Admission suspended for Master of Financial Engineering program

Lyndsey Sager

The first day students returned from winter break, Kathy Wilson, interim dean of the College of Business, announced the suspension of the Master of Science in Financial Engineering program, starting Fall 2012.

Wilson said the request, so far, was for a one-year program suspension to allow the Department of Finance time to analyze market conditions and determine what kind of program would best serve students.

“While we have made no specific decisions about future degree offerings, we believe it is promising to evaluate finance in terms of corporate risk management career opportunities,” Wilson said.

Wilson cited the difficult budget conditions facing public universities, including Kent State, as the main reason for suspending the program, even with the program fee of $3,600 per student each semester.

“The program is a very specialized degree that requires an academic background that not many people have,” Wilson said.

Michelle Parrish, assistant program director, said to be accepted into the program, students need to have taken higher-level math classes including Calc 1, 2 and 3. They also must have knowledge of differential equations, probability and statistics.

Parrish said though the program is not especially popular among Kent State undergraduates because of its extensive requirements, it draws in about 300 applicants from around the world each year. She said the program generally receives more applicants than any other College of Business master’s degree, including the Master of Business Administration.

Graduates of the program learn to combine applied mathematics with finance, allowing them to develop equations that assess different risks within a company.

“It’s just a very niche, specific market,” Parrish said. “There aren’t a lot of people that do it, but there are a lot of corporations that use it.”

The program is the only one of its kind in Ohio, and Parrish said it ranks highly among other schools offering the same degree, such as University of California Berkley, Massachusetts Institute of Technology and Cornell.

“Other schools are starting MSFE programs, but we’re ending ours even though it’s in such great demand,” Parrish said.

Despite its popularity, Wilson said the program had to remain small because the trading floor – which simulates real-world financial engineering environments – can only seat 25 students. She said the cost of expanding and upgrading the floor would have required additional facilities and money that is not readily available.

Parrish described the program as a one-year, lockstep program. All students take the same classes at the same time, beginning in the Fall and ending after Summer Intersession III. Because of this, the suspension will not affect any current students, as they will graduate in mid-August.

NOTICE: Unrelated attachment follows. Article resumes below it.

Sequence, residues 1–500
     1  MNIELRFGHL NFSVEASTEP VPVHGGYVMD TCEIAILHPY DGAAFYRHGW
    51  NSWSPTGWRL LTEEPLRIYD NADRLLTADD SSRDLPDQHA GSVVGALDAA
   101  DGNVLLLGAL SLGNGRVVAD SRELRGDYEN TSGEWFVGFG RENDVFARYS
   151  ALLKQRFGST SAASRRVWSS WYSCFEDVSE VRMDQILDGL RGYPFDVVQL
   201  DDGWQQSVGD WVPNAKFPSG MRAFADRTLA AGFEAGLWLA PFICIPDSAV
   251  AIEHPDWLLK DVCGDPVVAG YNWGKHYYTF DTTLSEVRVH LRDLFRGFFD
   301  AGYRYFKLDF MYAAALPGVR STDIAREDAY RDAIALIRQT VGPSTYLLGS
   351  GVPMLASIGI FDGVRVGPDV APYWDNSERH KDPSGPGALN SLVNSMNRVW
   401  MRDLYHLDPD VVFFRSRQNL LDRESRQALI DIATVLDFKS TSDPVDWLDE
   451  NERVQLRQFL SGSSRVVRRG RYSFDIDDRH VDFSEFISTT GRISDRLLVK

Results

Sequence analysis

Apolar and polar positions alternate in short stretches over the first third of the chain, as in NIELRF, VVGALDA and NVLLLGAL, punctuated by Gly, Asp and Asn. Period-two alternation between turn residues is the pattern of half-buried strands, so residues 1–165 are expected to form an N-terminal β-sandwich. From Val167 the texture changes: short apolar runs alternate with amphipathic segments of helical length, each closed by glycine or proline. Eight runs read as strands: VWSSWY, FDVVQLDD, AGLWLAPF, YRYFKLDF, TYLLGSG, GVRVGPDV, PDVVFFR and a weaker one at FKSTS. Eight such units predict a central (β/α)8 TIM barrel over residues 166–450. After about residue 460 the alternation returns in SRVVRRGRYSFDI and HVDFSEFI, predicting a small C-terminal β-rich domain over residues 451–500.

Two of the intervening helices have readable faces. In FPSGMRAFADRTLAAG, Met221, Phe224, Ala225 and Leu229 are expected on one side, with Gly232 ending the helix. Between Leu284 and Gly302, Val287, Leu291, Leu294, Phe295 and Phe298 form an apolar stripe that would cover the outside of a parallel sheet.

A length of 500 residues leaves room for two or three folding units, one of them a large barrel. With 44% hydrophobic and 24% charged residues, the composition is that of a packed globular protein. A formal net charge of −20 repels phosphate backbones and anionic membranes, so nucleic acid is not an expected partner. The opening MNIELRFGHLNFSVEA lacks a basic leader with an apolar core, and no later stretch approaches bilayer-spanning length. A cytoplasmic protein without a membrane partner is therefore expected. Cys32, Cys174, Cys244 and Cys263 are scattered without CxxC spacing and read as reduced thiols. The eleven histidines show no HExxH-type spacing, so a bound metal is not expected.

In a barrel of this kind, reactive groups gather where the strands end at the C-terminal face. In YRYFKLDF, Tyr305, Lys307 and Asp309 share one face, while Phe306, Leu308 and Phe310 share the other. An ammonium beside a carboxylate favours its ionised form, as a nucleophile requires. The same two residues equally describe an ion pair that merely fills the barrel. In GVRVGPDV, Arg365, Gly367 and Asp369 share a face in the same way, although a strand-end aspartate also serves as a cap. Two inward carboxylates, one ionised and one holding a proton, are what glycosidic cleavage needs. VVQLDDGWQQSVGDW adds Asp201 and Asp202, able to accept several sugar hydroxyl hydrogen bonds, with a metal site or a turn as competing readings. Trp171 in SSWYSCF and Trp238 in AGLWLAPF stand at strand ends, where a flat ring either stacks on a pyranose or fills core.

The program includes a 10-week domestic or overseas industry internship. Last year, 24 MSFE students received U.S. internships at companies including Goldman Sachs, Imagine Software and Eurex. Another 17 students took overseas internships at Asian companies including Great Wall Futures, Shanghai Futures Exchange and Hangzhou Xingli Investment Co.

John Palmer, a 2009 Kent State graduate, did his internship at Goldman Sachs. He is now a senior business analyst for the International Securities Exchange.

“I think for students that are looking to specialize in financial markets or anything that relates to derivatives, the MSFE program at Kent is a perfect fit,” Palmer said. “The faculty and the industry connection that the Kent State program specifically provides are irreplaceable.”

Parrish said Kent State’s program is highly respected in the financial engineering industry. She said Kent State is the only university invited to attend the Futures Industry Association Expo every year in Chicago. More than 3,000 industry executives from around the world attend the expo each year, providing students with excellent networking opportunities.

“Most of those said companies tend to offer: a) the internships to the students and b) more than likely, a possible full-time job opportunity afterwards,” Palmer said.

After graduation, MSFE students generally find jobs at exchanges, investment banks, hedge funds, trading firms, insurance companies or regulatory agencies. Parrish said Kent State graduates usually start out with salaries of about $75,000 a year, plus bonuses, but there are established alumni making $250,000 or more annually.

“As the intricacies of today’s financial world increase, the need and demand for highly qualified people trained in financial engineering have intensified,” Parrish said. “Kent State’s Master of Science in Financial Engineering grads are in greater demand today than ever before, especially since the market crash in 2008.”

The College of Business offers three other master’s level programs, but Parrish said no other master’s degree comes close to preparing students for financial engineering jobs as well as the MSFE program.

“A master in financial engineering is the application of mathematical methods to the solution of risk management problems,” Parrish said. “These students master the mathematics associated with derivatives and develop finance and economic modeling skills ranging from the basics of trading to the complexities of structured products.”

Palmer said if the Master in Financial Engineering had not been available, he would have gone to a different school. He said he would not have received the same education or practical experience at another school.

“I don’t believe [Goldman Sachs] currently provides many internships outside of the Ivy League universities,” Palmer said. “The education, experience and network that I received from the MSFE program provided me the opportunity to land a job with a major Wall Street firm.”

Contact Lyndsey Sager at [email protected].